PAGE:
- Having worked on large franchises like the Disney Infinite series, what are you experiences working with big publishers?
There are always difficulties when you work with a number of groups that all have different opinions on how things should be done.
Ultimately everyone is trying to make a good game, as a designer one of the hardest jobs is to try and keep everything on track. You’re often in a unique position where you can see one tiny change can upset the whole ecosystem and stop the game from working.
I have in the past had quite a lot of trouble with IP owners. When you have to make something exactly like a piece of concept art that you’re not allowed to see, well, that’s a pretty tricky situation! The truth is that a lot of the time film-makers have no sympathy for game devs. Some see what we do as inferior so they can be pretty hard to communicate with.
In the end if there is a problem specific to publishers, it’s that they’re not with you in the same room. Long distance communication is where things get turned around. My experience has been 95% of the time, when you finally sit down to talk about something, you actually realise you’re saying the same thing in two different ways.
- Speaking of long distance communication, what kind of communication does your team use day-to-day? Are you all co-located in the same office? Do you follow any agile development frameworks?
On Infinity we were, but we also communicated with other teams making other parts of the game across the world. Internally we used scrum. I think some of so-called ‘agile’ development is great, other parts less-so. Stand-ups – small morning meetings to catch everyone up on what’s happening in the game are great, as is relying less on physical design documents.
Working with other teams conflicts with this of course, often another studio will want documentation you wouldn’t have otherwise needed. And yes, time differences and Skype meetings are very ineffective ways to communicate – painfully so.
I had an idea in the last studio, that we would create an always-on two-way video link and present it as if our lunch table was reaching into another room through a big projected screen. Sounds far-fetched but surprisingly easy to set-up. Last I heard they’re still going ahead with the idea.
- Rather than physical design documents, what do you prefer to rely on? What does the ultimate design doc look like?
The thing about design documents is that absolutely NO ONE reads them. It really doesn’t matter if they’re long and detailed, or brief and to the point. They will not get looked at so they’re pretty pointless. You basically need to get into the habit of trying to make the design as visible as possible. You print out your mission flow on enormous pieces of paper and stick them all around the studio. Use whiteboards and post-it notes to do the same with other aspects of the game. Create sandbox levels specifically designed to showcase movement mechanics and enemy design and force load people through those levels when they boot the game.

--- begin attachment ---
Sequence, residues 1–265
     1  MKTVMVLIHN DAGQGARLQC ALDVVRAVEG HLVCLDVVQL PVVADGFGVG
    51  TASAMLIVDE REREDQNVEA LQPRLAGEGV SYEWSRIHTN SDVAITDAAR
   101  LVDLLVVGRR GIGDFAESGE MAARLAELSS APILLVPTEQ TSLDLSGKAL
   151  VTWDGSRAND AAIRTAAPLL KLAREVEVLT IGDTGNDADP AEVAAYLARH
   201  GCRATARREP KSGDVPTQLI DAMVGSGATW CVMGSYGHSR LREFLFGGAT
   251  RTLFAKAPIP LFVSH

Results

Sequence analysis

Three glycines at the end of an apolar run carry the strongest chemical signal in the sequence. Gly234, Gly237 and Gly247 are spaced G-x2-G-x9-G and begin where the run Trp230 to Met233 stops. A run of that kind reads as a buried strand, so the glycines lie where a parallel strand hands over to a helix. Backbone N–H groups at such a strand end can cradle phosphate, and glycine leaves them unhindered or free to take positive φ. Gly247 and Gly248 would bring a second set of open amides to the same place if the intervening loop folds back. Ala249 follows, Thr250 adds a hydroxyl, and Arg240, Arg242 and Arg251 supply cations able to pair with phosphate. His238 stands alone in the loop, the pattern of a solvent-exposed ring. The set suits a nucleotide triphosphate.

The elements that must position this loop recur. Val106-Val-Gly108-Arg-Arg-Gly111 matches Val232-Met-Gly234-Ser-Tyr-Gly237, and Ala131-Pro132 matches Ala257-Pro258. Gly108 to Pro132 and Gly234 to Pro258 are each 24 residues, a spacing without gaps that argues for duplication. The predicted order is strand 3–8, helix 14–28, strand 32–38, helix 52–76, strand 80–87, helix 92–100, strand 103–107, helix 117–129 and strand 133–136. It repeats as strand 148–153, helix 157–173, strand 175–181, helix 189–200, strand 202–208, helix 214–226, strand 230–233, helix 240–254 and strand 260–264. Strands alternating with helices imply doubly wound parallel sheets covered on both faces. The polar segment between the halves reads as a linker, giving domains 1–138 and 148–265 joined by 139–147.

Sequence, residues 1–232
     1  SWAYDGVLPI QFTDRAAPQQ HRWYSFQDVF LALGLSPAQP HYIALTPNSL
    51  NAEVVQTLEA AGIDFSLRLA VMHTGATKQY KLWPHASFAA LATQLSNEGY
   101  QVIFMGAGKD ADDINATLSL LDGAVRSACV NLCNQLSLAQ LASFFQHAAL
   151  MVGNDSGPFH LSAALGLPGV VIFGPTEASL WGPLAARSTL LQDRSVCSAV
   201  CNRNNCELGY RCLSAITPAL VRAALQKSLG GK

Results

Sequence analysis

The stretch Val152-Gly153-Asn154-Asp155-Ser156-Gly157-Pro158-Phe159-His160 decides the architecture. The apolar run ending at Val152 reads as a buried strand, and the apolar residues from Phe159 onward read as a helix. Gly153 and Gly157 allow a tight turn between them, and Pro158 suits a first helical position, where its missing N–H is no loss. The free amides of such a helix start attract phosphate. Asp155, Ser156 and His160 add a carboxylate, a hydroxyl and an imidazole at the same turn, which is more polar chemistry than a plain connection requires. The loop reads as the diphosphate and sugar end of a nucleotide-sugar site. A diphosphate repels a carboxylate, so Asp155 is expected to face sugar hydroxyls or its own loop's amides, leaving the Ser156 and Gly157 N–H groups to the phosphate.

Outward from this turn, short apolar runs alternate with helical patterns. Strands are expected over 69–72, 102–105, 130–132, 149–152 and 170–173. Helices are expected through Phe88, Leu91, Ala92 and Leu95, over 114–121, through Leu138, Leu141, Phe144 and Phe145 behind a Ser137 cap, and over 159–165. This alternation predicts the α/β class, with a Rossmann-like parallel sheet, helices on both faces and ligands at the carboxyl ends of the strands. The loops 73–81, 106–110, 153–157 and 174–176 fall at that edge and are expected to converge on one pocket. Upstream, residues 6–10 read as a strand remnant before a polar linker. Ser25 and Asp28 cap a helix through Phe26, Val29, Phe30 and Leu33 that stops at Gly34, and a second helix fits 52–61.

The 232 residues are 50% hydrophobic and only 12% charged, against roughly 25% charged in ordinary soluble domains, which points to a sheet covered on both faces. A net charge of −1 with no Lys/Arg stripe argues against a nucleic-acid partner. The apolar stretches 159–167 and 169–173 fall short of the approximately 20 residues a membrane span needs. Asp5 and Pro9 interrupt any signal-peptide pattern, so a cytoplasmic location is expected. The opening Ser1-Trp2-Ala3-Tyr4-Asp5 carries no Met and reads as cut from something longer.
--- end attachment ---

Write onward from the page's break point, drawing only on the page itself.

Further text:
Ultimately design documents are useful, but only to remind you of the decisions you’ve made. For everything else, you need to think about what teams need to know about what aspects of the game and then present it to them in the most appropriate way. So, you may have a really complex story, but the art team may not read it. Instead you work with the concept artist to make a very well presented colour script and give that to the artists. They can then get the feel for each environment and match it to the story beats.
- Do you have any sites or books that you regularly read or refer to that you could recommend to other game developers?
Well, there’s always The Book of Lenses. That’s a classic. It’s good for beginners but anyone who has really been thinking about game design for any amount of time will find it completely obvious. I would say it’s good if you’re interested in game design but have no intention of working in the field.
Other than that Gamasutra is a great resource – everything on there is just theory, but it’s a good way to get you thinking about different aspects of design. In fact I’ve recently been writing up some of my own thoughts on there (simply under my name) which you can check out. I do try and keep things on the more practical side so hopefully that’s useful to people.
Another nice resource for beginners is a series of YouTube videos by Mark Brown which achieve a similar thing (take with a big pinch of salt), and my personal favourite of course: a YouTuber by the name of Matthewmatosis who does the most astute and in-depth analysis of some of my favourite game series.
- What would be your perfect project to work on?
Right now, either something Naughty Dog is making because they really feel like the exist in a class of their own – their games take traditional design and push it to the absolute limit. They employ people who are masters of their craft. You could learn so much from every person there. Or, something more experimental. Valve make incredible games that really push the idea of what a game is. And I’ve always had a huge soft spot for SuckerPunch – I’d love to work on the next Infamous game. There’s a real art to how to deliver a cinematic experience in an open world game that is so undefined so far. Being part of that exploration would be fantastic.